Here are some great links. Read these! :)
Robert Altman says the the role of the film director is
“to create a space where the actor or actress can become more than they’ve ever been before, more than they’ve dreamed of being”
Now if you replace actor/actress with employee…isn’t that what business is all about? You are a dream creator, a dream coach, a dream maker…..now tell me that you have no power!
Among her pearls of wisdom was the advice that, every week, we should take an hour or two to examine what we have done with our time in the previous week, marking everything in one of five colors.
* Green would be used for anything that was a challenging growth experience
* Black would be used for things that were a waste of time
* Blue should be used for things that could have been delegated (even if the other person could only do it 85% as well as you could.)
* Red would represent something you did that was a deposit for your health
* and your own favorite color would be used for time spent on family, friends and fun
There is now compelling evidence that smiling causes people to feel happy. Requiring people to smile, no matter how they really feel at first, results in increased positive feelings; frowning conversely decreases positive feelings. Robert Zajonc and his colleagues show that smiling leads to physiological changes in the brain that cool the blood, which in turn makes people feel happy. [A series of experiments] show that positive emotion and cooler facial temperatures result when people saying the letter â€œeâ€ or the sound â€œahâ€ over and over again, apparently because making these sounds requires a smile-like expression. …
These [experiments] also show that negative emotion (and hotter facial temperatures) result from repeating sounds like the letter O or the German vowel Ã¼, apparently because making these sounds require a frown-like expression to pronounce. This effect was found to be equally strong in both German and American research subjects. These researchers also found direct effects of temperature on emotion, demonstrating that people who have had cold air blown up their noses are happier than those who have had hot air blown up their noses. Hundreds of other studies show that hot temperatures are a powerful and reliable cause of foul moods and interpersonal conflict (especially aggression and violence).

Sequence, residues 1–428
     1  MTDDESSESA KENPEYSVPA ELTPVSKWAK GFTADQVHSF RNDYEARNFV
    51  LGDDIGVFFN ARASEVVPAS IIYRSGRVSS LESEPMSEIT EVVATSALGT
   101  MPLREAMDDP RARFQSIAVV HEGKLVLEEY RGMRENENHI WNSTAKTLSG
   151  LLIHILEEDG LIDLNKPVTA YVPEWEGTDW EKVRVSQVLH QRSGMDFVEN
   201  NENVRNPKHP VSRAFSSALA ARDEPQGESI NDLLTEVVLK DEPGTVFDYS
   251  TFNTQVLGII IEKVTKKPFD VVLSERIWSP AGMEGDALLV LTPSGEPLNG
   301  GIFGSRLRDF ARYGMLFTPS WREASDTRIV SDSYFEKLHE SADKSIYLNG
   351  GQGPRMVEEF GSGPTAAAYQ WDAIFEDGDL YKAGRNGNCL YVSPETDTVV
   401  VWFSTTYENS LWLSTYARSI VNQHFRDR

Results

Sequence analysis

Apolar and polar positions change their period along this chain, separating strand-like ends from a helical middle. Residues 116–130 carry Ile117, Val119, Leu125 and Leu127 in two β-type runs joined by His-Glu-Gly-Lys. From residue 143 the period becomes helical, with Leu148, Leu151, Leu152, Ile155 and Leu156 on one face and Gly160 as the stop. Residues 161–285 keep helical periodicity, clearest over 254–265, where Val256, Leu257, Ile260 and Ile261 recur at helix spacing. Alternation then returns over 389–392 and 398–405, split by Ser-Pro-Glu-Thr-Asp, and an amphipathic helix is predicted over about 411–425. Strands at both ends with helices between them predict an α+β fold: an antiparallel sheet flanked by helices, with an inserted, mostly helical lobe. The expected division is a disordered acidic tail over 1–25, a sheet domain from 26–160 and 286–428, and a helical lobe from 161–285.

So, if you want to be really weird, try increasing happiness (and thus creativity) by having your people say â€œah, ah, ah,â€ â€œe, e ,e, e,â€ or perhaps saying â€œcheeseâ€ over and over again, blowing cold air up their noses, or just keeping the buildings cold where creative people work. Or as Jane Dutton at The University of Michigan told me after she heard Robert Zajonc talk about these ideas: “When I want to get in a good mood, Iâ€™ll just go home and stick my head in the refrigerator.”
Without identifying it as such, the article mentions confirmation bias. Because so much sensory data hits us each moment, we have to filter much out to maintain our sanity; we tend to let through that which confirms what we already believe.
“Bad things happen in the world,” Kagan says. “But I believe everyone has this life filter, this life view. We all run around collecting stories in our head to support whatever that life view is. Iâ€™m choosing to have the life view that good things are happening.”
We cannot get rid of our confirmation bias but, with managed and focused attention, we can change the bias. How do you see the world? Whatever your answer to that question, you will continue to see through that lens. If you don’t like what you see, trade in your bias for a new one.
IDEA: Being good. Returning library books.
SOURCE: Man returns book overdue since 1960